Young voters give wake-up call ahead of next election
Mobilisation of younger voters may be significant factor in the looming General Election, writes Adrian Kavanagh
One of the most positive aspects associated with this election has been the degree to which it has mobilised young voters.
Traditionally turnout levels for younger Irish people are low - and indeed Ireland has one of the lowest turnout levels in Europe for those in the 18-30 age cohort.
There are a number of reasons for this. Many of these may be down to the fact that younger people - because they tend to be more mobile than older age groups - find it more difficult to vote. They are often away from home at work or in university (often in the middle of exams) at the time of elections and indeed many are out of the country and unable to vote because Ireland is one of a smaller number of countries that does not extend voting rights to its diaspora.
Many younger people have not been registered to vote at the time of elections. Younger people also may feel alienated from the political system and find it hard to relate to politics, given the large number of older (and mainly male) Irish politicians.
In turn, there is a sense that the political system can afford to ignore, or downplay, the issues of younger voters because of these low turnout levels. The example I often use with my political geography classes on voter turnout is the radically different government responses to the protests by students and the higher turnout cohort of old age pensioners following the 2008 Budget.
The degree to which the younger vote has been mobilised - in most cases, by younger people themselves - for the Marriage Equality Referendum has been very impressive.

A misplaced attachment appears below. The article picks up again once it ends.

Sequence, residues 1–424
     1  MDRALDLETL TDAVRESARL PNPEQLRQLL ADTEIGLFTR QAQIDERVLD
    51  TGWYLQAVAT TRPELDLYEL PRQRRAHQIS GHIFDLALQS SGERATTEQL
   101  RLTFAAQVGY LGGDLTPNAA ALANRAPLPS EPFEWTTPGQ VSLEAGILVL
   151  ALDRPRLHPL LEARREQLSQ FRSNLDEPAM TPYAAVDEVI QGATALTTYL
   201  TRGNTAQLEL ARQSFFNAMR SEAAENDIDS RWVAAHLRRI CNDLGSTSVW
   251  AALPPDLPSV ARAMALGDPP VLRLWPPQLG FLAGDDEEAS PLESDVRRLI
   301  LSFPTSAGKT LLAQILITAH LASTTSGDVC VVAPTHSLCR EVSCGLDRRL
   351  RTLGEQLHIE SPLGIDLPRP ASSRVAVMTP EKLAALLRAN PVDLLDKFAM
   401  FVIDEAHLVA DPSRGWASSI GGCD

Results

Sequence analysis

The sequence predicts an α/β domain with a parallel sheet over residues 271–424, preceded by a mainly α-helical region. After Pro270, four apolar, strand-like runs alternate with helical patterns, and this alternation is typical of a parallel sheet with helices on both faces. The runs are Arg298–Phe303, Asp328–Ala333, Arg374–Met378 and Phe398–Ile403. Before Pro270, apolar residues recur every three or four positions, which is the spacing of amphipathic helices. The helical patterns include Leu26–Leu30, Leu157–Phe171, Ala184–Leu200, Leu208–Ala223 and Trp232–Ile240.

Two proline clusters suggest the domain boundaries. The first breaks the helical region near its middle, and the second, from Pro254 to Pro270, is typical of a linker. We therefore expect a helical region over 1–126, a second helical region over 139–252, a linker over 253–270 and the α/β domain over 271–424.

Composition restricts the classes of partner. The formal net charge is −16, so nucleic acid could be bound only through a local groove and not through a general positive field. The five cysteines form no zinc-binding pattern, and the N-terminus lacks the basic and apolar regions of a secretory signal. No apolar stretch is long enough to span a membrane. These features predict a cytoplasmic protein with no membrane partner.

As a lecturer in Maynooth University, I have been particularly struck by the efforts made by the student union and other groups to get students registered to vote in this election, but also the individual efforts made by students - who are currently in the middle of exams - to vote at this election. These efforts, of course, have been particularly evident in the #HomeToVote campaign, which has seen many young Irish people return to the country to vote. Lazy assumptions that younger people are apathetic have been strongly challenged by what has been seen over the past few days and weeks.
Will this historic mobilisation of younger voters have an impact beyond this weekend's contest and possibly have a notable bearing on the general election? On the one hand, research has shown that voting is a habitual act; the act of voting for the first time means that a person is more likely to turn out to vote in future contests. On the other hand, different types of electoral contests do attract different groups of voters to vote - for instance, referendum contests often see the highest turnouts in middle class urban areas, while rural areas have the higher turnouts for local and general elections. There may, indeed, be many amongst the cohort of younger people mobilised by the referendum contest - especially those currently based in Britain or indeed further afield - who will not vote in the upcoming general election, in many cases because the effort to do so is just too demanding. And that is a pity. And it does point to a need to focus political reform efforts elsewhere, instead of having referendum contests on the age of presidential election candidates. If this weekend's mobilisation of younger voters does result in a larger turnout of younger people at the next election, then the result of Carlow-Kilkenny by-election may offer some hints as to what the political impact of this might be.
Whatever the case, one of the big messages of this weekend is that the political system in Ireland will need to make a much greater effort to engage with younger voters.